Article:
During the late 1960s and early 1970s the Regular Baptist movement was shaken by attacks from fundamentalist leader Carl McIntire. McIntire, the most visible and prominent fundamentalist of his era, accused the GARBC of weakness and of political arm-twisting. These attacks were almost completely false, but they were soon echoed by other fundamentalists.
The Regular Baptist movement has always leaned toward the Calvinistic side and has included some five-point Calvinists. During the mid-1970s the Council of Eighteen moved to put unconditional election into the fellowship’s doctrinal statement. Led by evangelist Robert L. Sumner, many objected to this move. In the long run, the messengers voted to maintain a breadth of fellowship that allows for differences over Calvinism.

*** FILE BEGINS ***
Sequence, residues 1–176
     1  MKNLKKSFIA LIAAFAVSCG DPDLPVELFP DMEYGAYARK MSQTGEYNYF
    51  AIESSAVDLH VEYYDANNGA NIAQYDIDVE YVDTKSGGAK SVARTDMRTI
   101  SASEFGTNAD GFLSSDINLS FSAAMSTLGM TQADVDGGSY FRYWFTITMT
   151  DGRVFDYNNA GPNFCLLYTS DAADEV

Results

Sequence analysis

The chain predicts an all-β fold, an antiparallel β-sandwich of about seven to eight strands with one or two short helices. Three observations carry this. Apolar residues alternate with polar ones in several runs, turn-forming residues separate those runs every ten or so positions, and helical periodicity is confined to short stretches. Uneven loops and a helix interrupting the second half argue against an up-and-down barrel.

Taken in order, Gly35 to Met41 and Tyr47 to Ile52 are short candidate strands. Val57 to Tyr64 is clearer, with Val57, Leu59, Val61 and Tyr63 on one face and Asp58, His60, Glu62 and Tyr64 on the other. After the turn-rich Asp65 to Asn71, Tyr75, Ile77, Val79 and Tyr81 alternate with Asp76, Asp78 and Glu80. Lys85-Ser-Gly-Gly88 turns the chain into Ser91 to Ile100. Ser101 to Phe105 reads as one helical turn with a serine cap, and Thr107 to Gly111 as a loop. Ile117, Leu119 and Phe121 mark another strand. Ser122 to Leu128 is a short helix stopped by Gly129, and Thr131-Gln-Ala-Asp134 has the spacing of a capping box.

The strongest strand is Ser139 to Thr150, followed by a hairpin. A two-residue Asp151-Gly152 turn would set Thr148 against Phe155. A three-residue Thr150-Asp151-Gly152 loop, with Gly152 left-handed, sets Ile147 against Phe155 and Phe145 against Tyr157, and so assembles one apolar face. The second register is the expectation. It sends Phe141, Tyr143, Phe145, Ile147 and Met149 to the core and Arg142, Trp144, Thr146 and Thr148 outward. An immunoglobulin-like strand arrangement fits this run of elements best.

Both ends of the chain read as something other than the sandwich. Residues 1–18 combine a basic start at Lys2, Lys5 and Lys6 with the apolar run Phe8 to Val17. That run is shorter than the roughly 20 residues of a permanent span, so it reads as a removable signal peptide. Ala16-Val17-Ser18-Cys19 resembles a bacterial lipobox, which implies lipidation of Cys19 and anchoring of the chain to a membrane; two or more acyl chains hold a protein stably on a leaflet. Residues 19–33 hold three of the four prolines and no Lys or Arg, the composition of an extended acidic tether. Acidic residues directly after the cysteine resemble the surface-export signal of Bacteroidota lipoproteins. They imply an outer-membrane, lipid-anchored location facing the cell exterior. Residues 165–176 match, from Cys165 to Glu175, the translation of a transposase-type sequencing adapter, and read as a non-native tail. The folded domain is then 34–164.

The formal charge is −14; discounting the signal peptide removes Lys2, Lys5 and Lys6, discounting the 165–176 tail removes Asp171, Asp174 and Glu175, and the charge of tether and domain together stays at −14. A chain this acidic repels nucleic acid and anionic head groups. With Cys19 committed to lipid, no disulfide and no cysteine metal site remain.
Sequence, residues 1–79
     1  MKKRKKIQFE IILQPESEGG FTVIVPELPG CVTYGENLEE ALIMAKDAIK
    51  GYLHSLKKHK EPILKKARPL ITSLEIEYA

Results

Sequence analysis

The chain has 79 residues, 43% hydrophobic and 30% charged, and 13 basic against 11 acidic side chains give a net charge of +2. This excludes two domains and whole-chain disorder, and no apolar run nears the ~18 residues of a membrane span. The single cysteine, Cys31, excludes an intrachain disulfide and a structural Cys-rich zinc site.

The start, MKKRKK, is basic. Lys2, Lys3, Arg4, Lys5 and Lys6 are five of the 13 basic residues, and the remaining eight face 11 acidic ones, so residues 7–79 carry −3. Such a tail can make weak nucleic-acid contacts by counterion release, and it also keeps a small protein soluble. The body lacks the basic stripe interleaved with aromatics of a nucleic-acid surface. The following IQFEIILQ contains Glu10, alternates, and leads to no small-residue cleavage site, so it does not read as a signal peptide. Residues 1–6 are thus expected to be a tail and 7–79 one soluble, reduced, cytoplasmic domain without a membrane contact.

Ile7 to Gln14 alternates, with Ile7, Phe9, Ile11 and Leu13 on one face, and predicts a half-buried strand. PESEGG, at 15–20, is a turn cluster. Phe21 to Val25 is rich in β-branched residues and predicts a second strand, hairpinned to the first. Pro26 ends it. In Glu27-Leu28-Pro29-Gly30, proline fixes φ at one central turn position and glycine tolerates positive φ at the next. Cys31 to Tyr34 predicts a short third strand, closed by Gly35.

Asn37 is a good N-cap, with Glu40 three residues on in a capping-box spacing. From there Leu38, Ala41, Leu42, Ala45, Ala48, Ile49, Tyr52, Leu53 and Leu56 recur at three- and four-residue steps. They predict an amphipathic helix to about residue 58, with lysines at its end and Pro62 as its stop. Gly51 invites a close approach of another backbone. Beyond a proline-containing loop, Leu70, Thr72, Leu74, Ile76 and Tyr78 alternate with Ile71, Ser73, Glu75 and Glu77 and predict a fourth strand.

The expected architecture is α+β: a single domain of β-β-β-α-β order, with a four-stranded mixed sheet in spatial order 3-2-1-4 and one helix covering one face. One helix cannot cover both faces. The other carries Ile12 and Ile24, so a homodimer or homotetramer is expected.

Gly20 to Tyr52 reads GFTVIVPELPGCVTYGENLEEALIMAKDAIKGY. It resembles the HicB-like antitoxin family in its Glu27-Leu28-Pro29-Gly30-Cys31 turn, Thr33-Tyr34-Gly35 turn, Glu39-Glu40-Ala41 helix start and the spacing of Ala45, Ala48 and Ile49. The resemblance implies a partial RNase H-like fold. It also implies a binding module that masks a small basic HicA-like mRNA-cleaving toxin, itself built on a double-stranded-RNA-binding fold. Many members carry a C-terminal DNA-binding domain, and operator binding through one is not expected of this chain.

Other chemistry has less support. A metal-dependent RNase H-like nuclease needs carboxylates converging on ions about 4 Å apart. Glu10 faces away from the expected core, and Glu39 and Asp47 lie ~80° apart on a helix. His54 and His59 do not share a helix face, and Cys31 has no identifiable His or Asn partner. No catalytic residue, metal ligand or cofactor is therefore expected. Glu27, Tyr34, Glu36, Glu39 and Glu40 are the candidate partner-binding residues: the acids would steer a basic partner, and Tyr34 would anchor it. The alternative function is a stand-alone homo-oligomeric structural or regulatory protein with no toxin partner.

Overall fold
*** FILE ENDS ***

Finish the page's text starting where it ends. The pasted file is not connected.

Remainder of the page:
Perhaps the most significant conflict began during the late 1970s and early 1980s, when Jerry Falwell and Jack Van Impe began to articulate a revisionist version of fundamentalism that repudiated secondary separation. This event exposed a division within Regular Baptist ranks. In addition to secondary separation, other issues included personal standards, the use of more contemporary music on the conference platform, and the (perceived) ineffectiveness of the approval system as it was operating at that time. In time, the messengers rejected the leadership of the most rightward-leaning speakers, opting to maintain the status quo. Many of those leaders broke away to form the Independent Baptist Fellowship of North America.